The various spirits interact with one another, though all are ‘subjects’ of the Heart shen. The hun in particular as said in Ling Shu Chapter 8 (‘Rooted in Spirit’) to follow the comings and goings of the shen. The hun, as reflective and pious, are the personality aspects of the person, and as such must help further the curriculum by attracting and repelling various other types of personalities in the world around oneself.   Ted Kaptchuk notes that when healthy, the Hun doesn’t want anything different from what is.  The character is composed of ‘ghost’ and ‘clouds’, the clouds which follow and follow from heaven in its turnings.  Dang Gui is particularly associated with the hun.

The po, on the other hand, tend to work on disrupting the curriculum; or rather, they help provide the obstacles which will develop the shen’s capacity to rule in sublime tranquility, as befits the imperial office it holds in the person. The po, being associated with the jing, are also the ‘debts’ of a lineage which the person or the person’s shen has the capacity and destiny to rectify in this particular incarnation.  They do, however, provide the basic impulse of life and growth.  Ted Kaptchuk notes the concept of po describes what animates us, reflexively rather than voluntarily; the po are driven and instinctual, very complete, all encompassing, and related to basic aspects of survival.  Etymologically, the character is composed of ‘ghost’ and ‘white’.  The white in this case reflects the moon, and the earliest characters indicate the po are related to lunar phases — the phases of the moon indicating the proper times of planting, harvesting, and growth.  Hu Po is especially associated with the po; its name actually means ‘tiger’s soul’, but it is used not to promote aggression, but to centre the person.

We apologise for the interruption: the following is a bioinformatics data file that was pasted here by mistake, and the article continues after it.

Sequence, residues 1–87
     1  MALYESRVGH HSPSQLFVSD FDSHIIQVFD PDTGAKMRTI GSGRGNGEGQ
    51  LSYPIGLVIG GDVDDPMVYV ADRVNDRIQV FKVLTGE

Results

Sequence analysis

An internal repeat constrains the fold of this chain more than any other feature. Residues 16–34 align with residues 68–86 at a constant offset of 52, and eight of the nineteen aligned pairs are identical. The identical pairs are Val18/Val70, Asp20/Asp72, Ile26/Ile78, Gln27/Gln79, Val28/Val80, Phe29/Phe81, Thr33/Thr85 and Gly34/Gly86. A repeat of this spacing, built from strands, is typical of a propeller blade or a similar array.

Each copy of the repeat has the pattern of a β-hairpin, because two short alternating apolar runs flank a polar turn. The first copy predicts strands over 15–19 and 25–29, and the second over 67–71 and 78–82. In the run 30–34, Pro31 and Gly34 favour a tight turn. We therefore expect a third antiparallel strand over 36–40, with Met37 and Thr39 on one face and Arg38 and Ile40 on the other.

RJ’s jacket works on the level of the hun:  although it seems to evoke libido, a po-associated reactivity and ‘impulse to survive’, in reality it strengthens one of the three worms in the blood which gnaw at the hun’s capacity for piety towards one’s friends.  This sort of libido is best treated through LV-5, ‘wormwood canal’, as I have had occasion to mention in previous episodes.  An alternate treatment might look at the relation of the Liver and Lungs, and harmonise those two organs, perhaps through the diaphragm or a formula which focuses on healing the ribcage (as the site or boney cavity in which the two organs interact).

A martial arts formula for cracked ribs includes dan shen as the imperial herb of the formula, qing pi, chen pi, mo yao, zhi shi, xiang fu, chuan lian zi, chai hu, and lu lu tong as deputies, and mu xiang and yan hu suo as assistants.  (Decoct, take 1 cup twice a day for three to four days.  Do not take if the rib has actually punctured the lung organ, or if there is internal bleeding, or if the person is pregnant or nursing.)  The formula clearly has more LV related herbs to move the qi and blood, but it includes chen pi, which goes to the Lungs, and chuan lian zi, which is used for removing parasites from the blood.

The little shen, stored in the heart, is  very space and time dependant.  Kaptchuk relates it to the Heart:  like the HT meridian, the shen concerns being present to do the right thing at right time in the right cultural context.  It’s image is of an altar and one of the ‘heavenly stems’.  Many herbs treat the shen, but the method of treatment depends on the aim:  to revive the shen, to anchor it, to calm it, to settle it, to promote it.  E Jiao can help ‘restick’ the shen; Fu Ling can help calm it; long gu can help anchor it.  Any herb which will treat both qi and blood, or rather help harmonise them, will impact the shen, as the shen emerges from their union.

The Big Shen or Ling is, again following Kaptchuk, the capacity for self-directed cultivation of virtue.  This capacity for self-cultivation is the combined capacities of each of the five ‘little shen’ working together.  Herbs listed in the Shen Nong Ben Cao as ‘increasing virtue’ are oriented towards nourishing the Ling.  Ling Zhi (Reishi mushroom) is perhaps the most well known.  (ReiKi is actually the Japanese translation of ‘Ling Qi’.)

Since I have treated the various spirits and wills of the body in previous posts, I will not spend time detailing treatments particular to each here.  If you or a loved one wish to pursue further study in concepts of Ancient Chinese Religion, I would refer you to the primary source material in the Huai Nan Zi, and to Christopher Schiffer or Livia Kohn’s research on the topic.  The article ‘Han Thanatology’, as well as works treating the Ma Wang Dui banners are other sources of information.

Happy Slayage!